So what kinds of things does he write? Things like this (my own translation):
"Perhaps the most attractive voice in a literary text is the one that sounds like all the others. We are most strongly affected by the voice that nestle up against our own inner voice, yes, that could be our own."
"With "trend" or "intellectual fashion" you usually means a kind of thinking that came to town after you yourself became tired of thinking."
"Success and failure are really equally repugnant. They disturb the wonderful balance and clarity that depends on forgetting one´s own person."

I don´t always understand what he writes about. But this is the kind of book you can read through quite fast. About every five or ten pages there is something you can relate to, and it´s amusing enough to be worth the trouble. And five or ten years from now, you return to it and suddenly other parts of the book light up and have become understandable. It´s the kind of thing you mature into. Or not. It depends on how close Engdahl´s voice nestle up to you own, doesn´t it?


A Read to Forget

I just finished Mia Ajvide´s "Mannen som föll i glömska" (= the man who was forgotten). I was attracted to it by the unusual story, which is given away by the title. It´s about a man, Jack, who is forgotten by everyone within a few days. His wife, his mother, all his collegues and friends, they all forget about him, they destroy all traces of him, whereafter they forget that he has ever existed. By experiment he realizes that people can only remember him for as long as they sense his presence, either by looking at him or hearing him or by touching him. If he looses contact with them, only for a second, they totally forget about him.

Jack is soon found by other Forgotten, and he gets to know a whole community of them, lead by a woman named Hanna, who is a Link, a normal person who remembers the Forgotten and can help them to survive. At the same time as he struggles with his strange metamorphosis and his relationship to the Forgotten, he is also researching an old mystery that will prove to have a strange connection to his situation.

This is a ghost story, really. I have never read Ajvide´s husband´s novels about undead and such, but I imagine there are similarities. I had hoped for something interesting, but I found parts of this book rather boring. Like Franzen, Ajvide writes with great attention to detail, but it never seems quite as relevant to the story. Where Franzen´s many words makes his story dense and strong, Ajvide´s many words dilute and weakens. If she had managed to reduce the 300+ pages to 200+, I think it would have improved greatly. But I don´t think it would have saved it from being rather flat and one-dimensional. The story is what happens to Jack. The End. I can´t find any interesting shifts of perspective, ideas, suggestions, anything. It´s all show, no tell. It´s like a stew without any spices at all. Not much veg, either.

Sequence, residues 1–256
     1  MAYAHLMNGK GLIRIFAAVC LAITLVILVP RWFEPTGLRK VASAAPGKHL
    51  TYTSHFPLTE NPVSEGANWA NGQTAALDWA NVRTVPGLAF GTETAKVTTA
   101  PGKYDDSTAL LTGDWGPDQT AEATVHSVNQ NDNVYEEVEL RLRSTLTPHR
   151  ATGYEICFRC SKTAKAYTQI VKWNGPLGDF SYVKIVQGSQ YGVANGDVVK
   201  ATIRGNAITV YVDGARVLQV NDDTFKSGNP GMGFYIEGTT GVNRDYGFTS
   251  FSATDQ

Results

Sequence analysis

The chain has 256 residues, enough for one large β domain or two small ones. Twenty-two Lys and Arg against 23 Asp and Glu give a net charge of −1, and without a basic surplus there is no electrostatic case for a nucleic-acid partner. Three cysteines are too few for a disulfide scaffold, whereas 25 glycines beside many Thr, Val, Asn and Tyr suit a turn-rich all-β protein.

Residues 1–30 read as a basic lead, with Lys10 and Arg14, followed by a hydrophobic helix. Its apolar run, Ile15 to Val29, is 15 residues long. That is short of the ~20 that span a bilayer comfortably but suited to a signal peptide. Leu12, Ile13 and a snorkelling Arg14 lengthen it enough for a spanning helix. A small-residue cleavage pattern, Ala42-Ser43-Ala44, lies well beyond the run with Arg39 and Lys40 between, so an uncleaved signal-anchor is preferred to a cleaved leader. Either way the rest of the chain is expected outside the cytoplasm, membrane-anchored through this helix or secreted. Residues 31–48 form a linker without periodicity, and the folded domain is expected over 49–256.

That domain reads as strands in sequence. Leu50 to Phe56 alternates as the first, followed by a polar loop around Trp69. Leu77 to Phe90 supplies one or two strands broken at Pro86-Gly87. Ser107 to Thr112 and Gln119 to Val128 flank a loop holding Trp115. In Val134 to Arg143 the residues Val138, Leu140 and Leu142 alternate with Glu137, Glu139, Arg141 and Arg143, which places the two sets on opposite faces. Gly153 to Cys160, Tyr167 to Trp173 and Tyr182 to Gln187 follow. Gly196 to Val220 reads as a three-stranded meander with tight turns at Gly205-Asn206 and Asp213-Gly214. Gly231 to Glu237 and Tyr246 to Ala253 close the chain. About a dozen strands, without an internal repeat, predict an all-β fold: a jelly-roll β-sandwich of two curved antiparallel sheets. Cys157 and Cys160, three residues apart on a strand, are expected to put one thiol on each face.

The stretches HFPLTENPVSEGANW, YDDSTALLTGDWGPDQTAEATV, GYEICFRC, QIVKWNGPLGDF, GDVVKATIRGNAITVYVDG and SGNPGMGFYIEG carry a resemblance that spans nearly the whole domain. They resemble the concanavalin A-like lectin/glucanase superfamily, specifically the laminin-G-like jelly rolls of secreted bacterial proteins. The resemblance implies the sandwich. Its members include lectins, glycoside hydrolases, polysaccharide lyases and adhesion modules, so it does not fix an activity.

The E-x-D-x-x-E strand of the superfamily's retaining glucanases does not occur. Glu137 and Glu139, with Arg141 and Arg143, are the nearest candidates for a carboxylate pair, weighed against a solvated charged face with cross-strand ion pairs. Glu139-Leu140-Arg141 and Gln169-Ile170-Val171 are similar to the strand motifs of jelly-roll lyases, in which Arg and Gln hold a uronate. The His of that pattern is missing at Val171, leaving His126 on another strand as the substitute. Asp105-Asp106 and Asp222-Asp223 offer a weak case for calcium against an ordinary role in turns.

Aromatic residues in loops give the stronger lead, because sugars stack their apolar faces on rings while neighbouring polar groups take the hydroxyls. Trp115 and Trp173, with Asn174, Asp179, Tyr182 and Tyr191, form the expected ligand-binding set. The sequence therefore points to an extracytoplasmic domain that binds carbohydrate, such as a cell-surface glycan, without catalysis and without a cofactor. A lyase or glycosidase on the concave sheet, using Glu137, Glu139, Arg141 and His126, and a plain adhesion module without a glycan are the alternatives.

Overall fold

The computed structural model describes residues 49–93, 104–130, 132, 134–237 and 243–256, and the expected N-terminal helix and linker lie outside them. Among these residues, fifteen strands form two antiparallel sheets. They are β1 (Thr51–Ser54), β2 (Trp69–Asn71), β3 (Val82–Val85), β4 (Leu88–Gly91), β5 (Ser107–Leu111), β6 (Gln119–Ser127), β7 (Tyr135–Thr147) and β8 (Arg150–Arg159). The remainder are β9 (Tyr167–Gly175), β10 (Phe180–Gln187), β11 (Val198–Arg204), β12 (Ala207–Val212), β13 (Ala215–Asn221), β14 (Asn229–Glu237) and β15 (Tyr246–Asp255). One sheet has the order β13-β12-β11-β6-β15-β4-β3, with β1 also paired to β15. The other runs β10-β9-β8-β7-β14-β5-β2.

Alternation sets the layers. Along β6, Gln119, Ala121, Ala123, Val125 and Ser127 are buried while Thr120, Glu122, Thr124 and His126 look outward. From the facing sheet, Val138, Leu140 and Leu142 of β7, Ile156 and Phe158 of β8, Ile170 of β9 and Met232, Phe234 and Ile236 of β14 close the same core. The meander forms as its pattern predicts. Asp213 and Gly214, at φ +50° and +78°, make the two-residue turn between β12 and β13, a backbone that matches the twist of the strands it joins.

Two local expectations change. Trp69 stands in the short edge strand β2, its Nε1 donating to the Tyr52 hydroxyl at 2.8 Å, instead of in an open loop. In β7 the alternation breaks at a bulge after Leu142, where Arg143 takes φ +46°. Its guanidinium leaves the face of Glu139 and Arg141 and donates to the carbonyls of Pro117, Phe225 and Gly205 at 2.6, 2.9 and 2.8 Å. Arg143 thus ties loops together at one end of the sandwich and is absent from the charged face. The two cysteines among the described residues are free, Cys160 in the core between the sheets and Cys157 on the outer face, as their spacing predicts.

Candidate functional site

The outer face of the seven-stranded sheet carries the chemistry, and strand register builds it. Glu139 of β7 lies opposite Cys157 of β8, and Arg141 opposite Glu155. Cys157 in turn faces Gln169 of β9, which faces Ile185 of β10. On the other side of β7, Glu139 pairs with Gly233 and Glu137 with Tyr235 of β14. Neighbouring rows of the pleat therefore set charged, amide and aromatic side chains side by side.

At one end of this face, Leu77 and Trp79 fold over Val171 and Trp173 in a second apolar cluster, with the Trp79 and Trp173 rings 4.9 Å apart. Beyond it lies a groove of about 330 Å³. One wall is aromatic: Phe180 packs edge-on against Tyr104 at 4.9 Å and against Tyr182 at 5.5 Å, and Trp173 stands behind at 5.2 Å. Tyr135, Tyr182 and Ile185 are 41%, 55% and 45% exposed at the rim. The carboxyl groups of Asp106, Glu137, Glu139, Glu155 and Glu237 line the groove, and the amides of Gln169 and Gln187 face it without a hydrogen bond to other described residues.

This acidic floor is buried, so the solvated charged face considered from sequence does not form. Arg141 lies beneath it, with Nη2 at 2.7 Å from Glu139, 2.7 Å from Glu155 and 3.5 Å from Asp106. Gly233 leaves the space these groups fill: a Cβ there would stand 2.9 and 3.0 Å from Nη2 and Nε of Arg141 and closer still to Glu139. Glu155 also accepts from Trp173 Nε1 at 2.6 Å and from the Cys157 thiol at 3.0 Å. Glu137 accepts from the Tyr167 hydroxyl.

It´s an entertaining read in a way, you will want to know how it ends, but then what? I can´t find anything to digest, anything to entertain my mind, anything to keep. Too bad.



The other day I saw an interview with Jonathan Franzen, taped when he visited the Book Fair in Gothenberg earlier this year. It wasn´t his best moment, an "author-moment", he said himself. He began by complaining about the Swedish mineral water, that he said made his mouth more dry the more he drank. I agree, the mineralwater preferred by Swedes is a bit salty, but it wasn´t really a good start. He tried to improve by saying something like "it´s great to be here" and it looked like he was expecting applauds for it, and perhaps that works in the US, but not with an audience of Swedish librarians...